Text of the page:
Elder law involves planning for long-term care and other issues facing elderly and disabled individuals and their families. Although needs of specific clients will differ, elder law attorneys generally assist with Medicaid eligibility for long-term care, estate planning, incapacity planning, probate administration, special needs trusts, guardianships and trust administration.
Elder law generally requires a holistic approach to preserving clients’ autonomy and freedom through effective financial and estate planning. The attorney’s emphasis should be on the client’s quality of life, which means planning for and promoting adequate acute and long-term care options in the event that the client’s health begins to deteriorate. The attorney should assist the clients to establish decision-making plans (both financial and healthcare) that help prepare for incapacity. It is important to discuss with the client and the surrogate decision maker the client’s preferences for long-term care and the level of consideration that estate preservation should receive in the decision-making process.
In examining long-term care, there are three primary methods of paying for such care (nursing homes, assisted living or other care): private-pay; long-term care insurance; and need-based government benefits, i.e. Veterans Benefits and the Medicaid program. A large part of an elder law practice is dedicated to helping clients protect assets and qualify for Medicaid. Medicaid is a public program that pays for healthcare when one cannot afford care. While it can be used to pay for hospital expenses and other medical care, Medicaid is most commonly used for long-term care, including nursing home stays, assisted living and at-home care. Nearly two-thirds of all nursing home residents receive Medicaid. Each state has its own Medicaid program with its own specific rules, benefits and eligibility requirements. Determining whether a client is eligible for Medicaid can be very complex, and requires a careful understanding of a client’s personal finances and the state’s Medicaid requirements.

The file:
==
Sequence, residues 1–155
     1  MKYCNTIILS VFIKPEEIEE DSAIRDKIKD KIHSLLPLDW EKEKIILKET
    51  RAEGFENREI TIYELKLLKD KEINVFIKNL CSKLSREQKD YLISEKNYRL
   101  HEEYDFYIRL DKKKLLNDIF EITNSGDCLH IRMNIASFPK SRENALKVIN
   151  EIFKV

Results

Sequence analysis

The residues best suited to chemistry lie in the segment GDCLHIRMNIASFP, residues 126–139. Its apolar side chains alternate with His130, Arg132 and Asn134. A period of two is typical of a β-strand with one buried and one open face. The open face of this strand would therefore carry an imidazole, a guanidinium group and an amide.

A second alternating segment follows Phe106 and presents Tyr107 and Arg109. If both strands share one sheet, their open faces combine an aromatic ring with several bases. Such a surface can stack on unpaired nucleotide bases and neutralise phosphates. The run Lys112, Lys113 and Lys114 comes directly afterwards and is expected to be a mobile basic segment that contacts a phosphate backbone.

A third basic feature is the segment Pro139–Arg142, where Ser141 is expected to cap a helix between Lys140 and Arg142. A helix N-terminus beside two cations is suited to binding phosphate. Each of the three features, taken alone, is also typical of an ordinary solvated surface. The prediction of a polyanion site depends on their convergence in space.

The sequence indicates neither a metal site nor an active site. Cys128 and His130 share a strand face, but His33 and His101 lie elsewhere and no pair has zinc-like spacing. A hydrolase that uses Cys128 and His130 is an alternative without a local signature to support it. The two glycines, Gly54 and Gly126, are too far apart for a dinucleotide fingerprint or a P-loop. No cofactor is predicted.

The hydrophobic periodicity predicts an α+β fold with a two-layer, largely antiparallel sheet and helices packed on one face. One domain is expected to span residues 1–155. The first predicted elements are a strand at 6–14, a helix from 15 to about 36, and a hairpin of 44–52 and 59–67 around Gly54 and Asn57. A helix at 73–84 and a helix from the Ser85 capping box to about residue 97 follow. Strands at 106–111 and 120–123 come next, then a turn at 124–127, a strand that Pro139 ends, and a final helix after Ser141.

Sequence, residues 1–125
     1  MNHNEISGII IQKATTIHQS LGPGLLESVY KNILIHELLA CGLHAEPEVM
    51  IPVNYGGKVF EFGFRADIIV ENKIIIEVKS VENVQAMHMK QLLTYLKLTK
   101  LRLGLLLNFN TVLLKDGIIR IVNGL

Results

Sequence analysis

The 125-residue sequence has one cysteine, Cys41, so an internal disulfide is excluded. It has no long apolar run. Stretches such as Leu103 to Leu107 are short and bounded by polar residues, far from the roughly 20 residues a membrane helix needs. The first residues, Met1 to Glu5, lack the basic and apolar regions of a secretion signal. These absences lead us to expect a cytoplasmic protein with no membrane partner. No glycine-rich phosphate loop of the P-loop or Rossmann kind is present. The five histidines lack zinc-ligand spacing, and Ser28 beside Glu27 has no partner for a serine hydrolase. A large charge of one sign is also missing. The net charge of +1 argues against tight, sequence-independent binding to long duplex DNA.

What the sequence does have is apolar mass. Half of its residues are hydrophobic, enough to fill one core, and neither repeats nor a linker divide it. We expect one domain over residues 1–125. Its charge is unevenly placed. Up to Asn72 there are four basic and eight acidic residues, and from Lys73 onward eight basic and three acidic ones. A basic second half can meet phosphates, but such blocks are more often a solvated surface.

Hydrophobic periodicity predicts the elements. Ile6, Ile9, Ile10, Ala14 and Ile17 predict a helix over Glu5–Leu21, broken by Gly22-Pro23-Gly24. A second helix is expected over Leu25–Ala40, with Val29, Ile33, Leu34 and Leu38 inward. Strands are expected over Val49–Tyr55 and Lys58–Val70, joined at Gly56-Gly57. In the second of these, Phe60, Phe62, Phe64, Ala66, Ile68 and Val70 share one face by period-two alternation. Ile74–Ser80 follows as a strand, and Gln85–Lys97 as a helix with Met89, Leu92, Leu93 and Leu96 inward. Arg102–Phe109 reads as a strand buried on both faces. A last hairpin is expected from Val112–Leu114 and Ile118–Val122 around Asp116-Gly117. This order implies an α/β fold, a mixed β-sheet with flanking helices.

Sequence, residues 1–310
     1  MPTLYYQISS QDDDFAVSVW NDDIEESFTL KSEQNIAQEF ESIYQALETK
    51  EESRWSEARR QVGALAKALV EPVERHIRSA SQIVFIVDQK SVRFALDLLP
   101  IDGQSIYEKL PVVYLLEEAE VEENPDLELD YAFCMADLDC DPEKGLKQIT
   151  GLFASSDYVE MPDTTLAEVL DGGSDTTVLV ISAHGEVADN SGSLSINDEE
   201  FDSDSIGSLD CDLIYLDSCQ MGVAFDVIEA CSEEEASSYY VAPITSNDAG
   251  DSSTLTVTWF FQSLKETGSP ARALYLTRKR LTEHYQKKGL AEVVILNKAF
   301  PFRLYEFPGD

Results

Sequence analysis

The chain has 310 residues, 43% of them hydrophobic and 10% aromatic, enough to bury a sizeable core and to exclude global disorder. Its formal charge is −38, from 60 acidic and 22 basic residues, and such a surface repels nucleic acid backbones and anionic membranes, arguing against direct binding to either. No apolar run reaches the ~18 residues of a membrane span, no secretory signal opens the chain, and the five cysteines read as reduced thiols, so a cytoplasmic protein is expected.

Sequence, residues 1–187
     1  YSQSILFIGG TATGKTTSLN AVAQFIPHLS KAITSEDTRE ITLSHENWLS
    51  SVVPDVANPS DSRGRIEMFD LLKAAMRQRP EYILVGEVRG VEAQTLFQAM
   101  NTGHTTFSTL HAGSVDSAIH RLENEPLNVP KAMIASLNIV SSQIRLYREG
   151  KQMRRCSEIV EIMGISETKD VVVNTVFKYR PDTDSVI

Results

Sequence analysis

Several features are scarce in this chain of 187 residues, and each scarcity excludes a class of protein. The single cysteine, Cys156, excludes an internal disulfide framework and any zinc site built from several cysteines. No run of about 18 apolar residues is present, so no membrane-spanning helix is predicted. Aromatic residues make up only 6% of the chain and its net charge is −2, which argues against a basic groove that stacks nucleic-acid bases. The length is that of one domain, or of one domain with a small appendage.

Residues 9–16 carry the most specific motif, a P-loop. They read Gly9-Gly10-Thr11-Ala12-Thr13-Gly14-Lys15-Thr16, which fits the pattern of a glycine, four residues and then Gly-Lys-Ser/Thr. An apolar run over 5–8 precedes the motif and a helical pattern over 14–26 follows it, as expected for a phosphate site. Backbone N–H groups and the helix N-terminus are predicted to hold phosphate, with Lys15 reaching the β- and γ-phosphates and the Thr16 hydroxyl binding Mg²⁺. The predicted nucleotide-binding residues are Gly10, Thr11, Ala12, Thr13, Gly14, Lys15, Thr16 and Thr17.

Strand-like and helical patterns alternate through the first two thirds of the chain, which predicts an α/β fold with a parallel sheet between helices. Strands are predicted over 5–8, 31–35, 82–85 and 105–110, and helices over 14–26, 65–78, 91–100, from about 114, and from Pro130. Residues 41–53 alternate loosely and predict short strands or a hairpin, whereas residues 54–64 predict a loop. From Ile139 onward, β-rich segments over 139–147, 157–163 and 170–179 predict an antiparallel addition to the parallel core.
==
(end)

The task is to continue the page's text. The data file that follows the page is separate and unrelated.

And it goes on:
Medicaid was designed with low-income and impoverished Americans in mind. In Arkansas, individuals are allowed to keep $2,000 in assets, while couples may keep $3,000 in assets. In addition to asset limitations, individuals receiving Medicaid cannot have income over $2,205 (2017). If the individual is married, the spouse’s income does not typically count towards the monthly income cap, however, it will be factored into maximizing income protection for the maximum monthly maintenance needs allowance (MMMNA), which is the income necessary to maintain basic standard of living for the community spouse or non-institutionalized spouse. In Arkansas, a community spouse would be permitted to keep $3,023 as maximum amount of income, while the minimum amount would be $2,003.
According to Genworth 2016 Cost of Care Survey, the average monthly cost of nursing home care in Arkansas is $4,905 for a semi-private room and $5,862 for a private room. The average stay in a long-term care facility is 30 months. Although certain assets, such as your homestead, are excluded from “countable” assets, savings can easily be depleted rather quickly before Medicaid coverage begins paying for costs of long-term care. The purpose of Medicaid planning is to prevent this from occurring.
Keep in mind that simply transferring assets from one individual to another when Medicaid is needed does not suffice as a good planning strategy because the Medicaid guidelines will include a 5-year “look-back” period. This look-back period is the time prior to application during which one cannot have made any asset transfers. Unfortunately, because of the look-back rule, clients often have a misconception that nothing can be done to protect assets from being exhausted for long-term care costs.
An elder law attorney can help clients create a strategy that helps protect family assets and income, while still becoming eligible for Medicaid. This strategy is successful due to a combination of effective legal tools designed to bring clients within Medicaid requirements before spending their entire life savings on nursing home costs or other long-term care costs. These techniques include converting “countable assets” to non-countable, using trusts such as a Miller Trust, creating a Medicaid annuity, and other strategies.
Early planning is critical to maintaining control of the assets that have been accumulated over your lifetime and maintaining control of the decision making in the event of incapacity. The earlier planning occurs, the better! Advance planning will help clients preserve assets for comfort, but also preserve legacy for the next generation. If you or someone you love is facing long-term care issues or is in need of assistance with estate planning, please contact our law firm to schedule a consultation with one of our attorneys who is knowledgeable about elder law, asset protection planning strategies and estate planning.
Editor’s note: Vicki Vasser-Jenkins is an attorney with Wright, Lindsey & Jennings, a law firm with offices in Little Rock and Rogers. The opinions expressed are those of the author.